Memory Care at MorseLife Continues to “Lead” With Dance Program That Engages Residents

MorseLife Memory Care continues to take steps to emphasize quality of life and encourage engagement with the Alzheimer’s Project (TAP), a ballroom dancing program for those with limited mobility, led by former home care agency owner and award-winning ballroom dancer, Judith Simon.

“Incorporating movement and music into our residents’ daily routine brings light to their lives,” said MorseLife Memory Care Manager, Savannah Helvey. “It is remarkable to see people with limited mobility, like our Parkinson’s and dementia patients, get out of their wheelchairs and walk and sway in response to memories sparked by the music and movement around them.”

Family and friends connect with their loved ones in the popular bi-weekly program. TAP uses music and the power of touch to ignite memory and response while improving flexibility, muscle strength and balance. The results of Simon’s work have led her to develop a study on the benefits of ballroom dancing to slow the progression of Alzheimer’s, which is being conducted in partnership with Dr. James Galvin, the founding director of Florida Atlantic University’s Comprehensive Center for Brain Health.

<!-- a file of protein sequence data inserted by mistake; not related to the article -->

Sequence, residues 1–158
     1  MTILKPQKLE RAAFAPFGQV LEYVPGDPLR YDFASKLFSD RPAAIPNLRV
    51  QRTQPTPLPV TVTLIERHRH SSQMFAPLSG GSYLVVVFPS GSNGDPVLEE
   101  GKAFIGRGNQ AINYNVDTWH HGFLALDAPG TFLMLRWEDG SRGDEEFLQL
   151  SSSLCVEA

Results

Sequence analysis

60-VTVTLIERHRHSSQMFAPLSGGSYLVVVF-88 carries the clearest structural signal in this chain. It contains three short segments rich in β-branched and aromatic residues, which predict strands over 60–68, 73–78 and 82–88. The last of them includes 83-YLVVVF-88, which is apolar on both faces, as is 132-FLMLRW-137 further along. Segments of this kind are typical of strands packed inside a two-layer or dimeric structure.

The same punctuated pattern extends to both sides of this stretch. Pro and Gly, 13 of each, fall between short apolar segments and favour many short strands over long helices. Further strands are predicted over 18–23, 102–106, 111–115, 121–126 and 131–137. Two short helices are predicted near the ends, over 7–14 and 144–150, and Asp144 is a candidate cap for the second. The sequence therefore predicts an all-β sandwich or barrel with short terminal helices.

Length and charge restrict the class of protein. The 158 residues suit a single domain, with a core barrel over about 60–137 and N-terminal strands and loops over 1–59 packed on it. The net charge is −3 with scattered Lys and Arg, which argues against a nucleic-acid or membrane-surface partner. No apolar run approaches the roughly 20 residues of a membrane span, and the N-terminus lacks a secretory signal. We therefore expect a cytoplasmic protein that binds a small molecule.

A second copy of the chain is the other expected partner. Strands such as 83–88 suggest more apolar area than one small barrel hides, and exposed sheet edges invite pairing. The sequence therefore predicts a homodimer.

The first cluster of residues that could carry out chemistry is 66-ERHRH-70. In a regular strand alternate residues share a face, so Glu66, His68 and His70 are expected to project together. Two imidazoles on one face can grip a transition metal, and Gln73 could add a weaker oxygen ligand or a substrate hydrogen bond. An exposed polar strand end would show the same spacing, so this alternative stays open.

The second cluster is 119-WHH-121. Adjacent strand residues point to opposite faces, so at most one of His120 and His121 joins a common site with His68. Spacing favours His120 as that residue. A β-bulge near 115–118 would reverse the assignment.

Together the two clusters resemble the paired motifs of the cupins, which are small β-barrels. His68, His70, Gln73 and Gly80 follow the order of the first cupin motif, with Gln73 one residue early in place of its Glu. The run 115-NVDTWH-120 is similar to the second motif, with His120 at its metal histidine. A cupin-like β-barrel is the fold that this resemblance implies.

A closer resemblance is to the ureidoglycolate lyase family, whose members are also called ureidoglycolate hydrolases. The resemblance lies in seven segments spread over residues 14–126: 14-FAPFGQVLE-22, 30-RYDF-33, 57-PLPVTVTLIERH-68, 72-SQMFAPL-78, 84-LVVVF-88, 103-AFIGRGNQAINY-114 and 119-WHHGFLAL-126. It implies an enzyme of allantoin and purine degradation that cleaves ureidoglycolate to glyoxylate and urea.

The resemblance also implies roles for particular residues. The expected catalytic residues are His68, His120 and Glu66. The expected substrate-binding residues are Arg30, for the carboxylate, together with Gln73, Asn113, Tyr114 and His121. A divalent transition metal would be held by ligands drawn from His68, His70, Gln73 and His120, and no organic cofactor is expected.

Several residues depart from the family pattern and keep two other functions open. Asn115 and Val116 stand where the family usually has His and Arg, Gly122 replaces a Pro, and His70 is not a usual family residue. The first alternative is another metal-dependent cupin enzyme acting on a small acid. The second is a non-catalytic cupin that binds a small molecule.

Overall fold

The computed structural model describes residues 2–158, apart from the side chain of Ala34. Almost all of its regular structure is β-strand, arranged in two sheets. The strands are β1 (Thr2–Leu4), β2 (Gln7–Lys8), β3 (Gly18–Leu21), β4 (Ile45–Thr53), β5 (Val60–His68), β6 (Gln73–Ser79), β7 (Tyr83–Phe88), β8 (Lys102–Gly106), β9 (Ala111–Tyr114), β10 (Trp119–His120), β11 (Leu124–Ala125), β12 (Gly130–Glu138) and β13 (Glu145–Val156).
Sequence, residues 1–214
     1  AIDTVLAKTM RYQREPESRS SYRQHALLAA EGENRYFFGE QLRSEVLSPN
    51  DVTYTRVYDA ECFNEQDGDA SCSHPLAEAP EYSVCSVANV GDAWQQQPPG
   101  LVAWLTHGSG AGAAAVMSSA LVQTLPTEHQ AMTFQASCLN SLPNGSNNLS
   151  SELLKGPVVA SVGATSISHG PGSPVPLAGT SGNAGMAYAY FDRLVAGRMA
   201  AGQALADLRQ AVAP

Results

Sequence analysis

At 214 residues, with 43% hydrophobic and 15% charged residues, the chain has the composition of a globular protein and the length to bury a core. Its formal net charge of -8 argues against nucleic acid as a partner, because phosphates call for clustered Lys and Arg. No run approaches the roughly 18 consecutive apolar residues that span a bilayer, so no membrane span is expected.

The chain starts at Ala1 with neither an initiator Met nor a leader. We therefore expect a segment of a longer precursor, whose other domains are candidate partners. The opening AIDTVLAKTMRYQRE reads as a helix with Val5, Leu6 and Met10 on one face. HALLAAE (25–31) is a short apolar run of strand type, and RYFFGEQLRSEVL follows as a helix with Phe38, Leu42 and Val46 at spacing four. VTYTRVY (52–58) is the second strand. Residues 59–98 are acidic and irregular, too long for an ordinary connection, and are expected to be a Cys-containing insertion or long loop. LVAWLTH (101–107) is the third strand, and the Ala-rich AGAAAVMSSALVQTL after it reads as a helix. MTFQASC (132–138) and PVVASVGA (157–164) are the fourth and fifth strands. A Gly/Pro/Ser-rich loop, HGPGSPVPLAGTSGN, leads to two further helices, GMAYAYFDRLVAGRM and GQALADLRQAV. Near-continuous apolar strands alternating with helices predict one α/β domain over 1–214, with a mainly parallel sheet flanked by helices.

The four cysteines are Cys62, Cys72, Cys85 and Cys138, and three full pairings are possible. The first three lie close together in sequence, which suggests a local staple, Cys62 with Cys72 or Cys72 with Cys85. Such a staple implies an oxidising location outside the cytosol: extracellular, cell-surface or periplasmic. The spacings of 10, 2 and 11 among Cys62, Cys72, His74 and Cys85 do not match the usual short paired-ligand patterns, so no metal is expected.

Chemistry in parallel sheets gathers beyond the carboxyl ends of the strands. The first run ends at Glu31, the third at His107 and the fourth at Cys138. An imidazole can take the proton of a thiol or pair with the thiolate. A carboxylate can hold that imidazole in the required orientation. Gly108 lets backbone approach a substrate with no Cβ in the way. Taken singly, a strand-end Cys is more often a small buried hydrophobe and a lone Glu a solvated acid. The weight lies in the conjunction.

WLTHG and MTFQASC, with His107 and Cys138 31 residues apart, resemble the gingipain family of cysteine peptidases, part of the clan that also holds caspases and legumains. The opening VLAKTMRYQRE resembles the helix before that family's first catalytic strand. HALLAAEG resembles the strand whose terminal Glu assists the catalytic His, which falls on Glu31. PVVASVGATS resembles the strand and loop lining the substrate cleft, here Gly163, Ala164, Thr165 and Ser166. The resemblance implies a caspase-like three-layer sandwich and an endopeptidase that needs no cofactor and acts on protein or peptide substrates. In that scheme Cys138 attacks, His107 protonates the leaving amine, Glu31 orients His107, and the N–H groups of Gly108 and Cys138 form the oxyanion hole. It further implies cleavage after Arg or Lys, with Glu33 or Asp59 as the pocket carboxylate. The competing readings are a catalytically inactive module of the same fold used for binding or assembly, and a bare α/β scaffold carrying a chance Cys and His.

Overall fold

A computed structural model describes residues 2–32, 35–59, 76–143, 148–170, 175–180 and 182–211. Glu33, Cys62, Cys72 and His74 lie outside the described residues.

“My classes visibly uplift MorseLife residents,” said Simon. “Nonverbal communication like touch allows patients to relax and follow their partner’s lead. Family members, resident spouses at the Levin Palace, and even staff find they can meaningfully connect with Memory Care residents in gratifying new ways. There is still a lot of life in people with memory-related illness. It’s just a matter of finding new paths to reach them.”

In addition to ballroom dancing, Memory Care Residences at MorseLife also incorporate Mind & Melody programs into the monthly schedule, which offer more opportunities to engage and energize residents through musical instruments, signing and painting.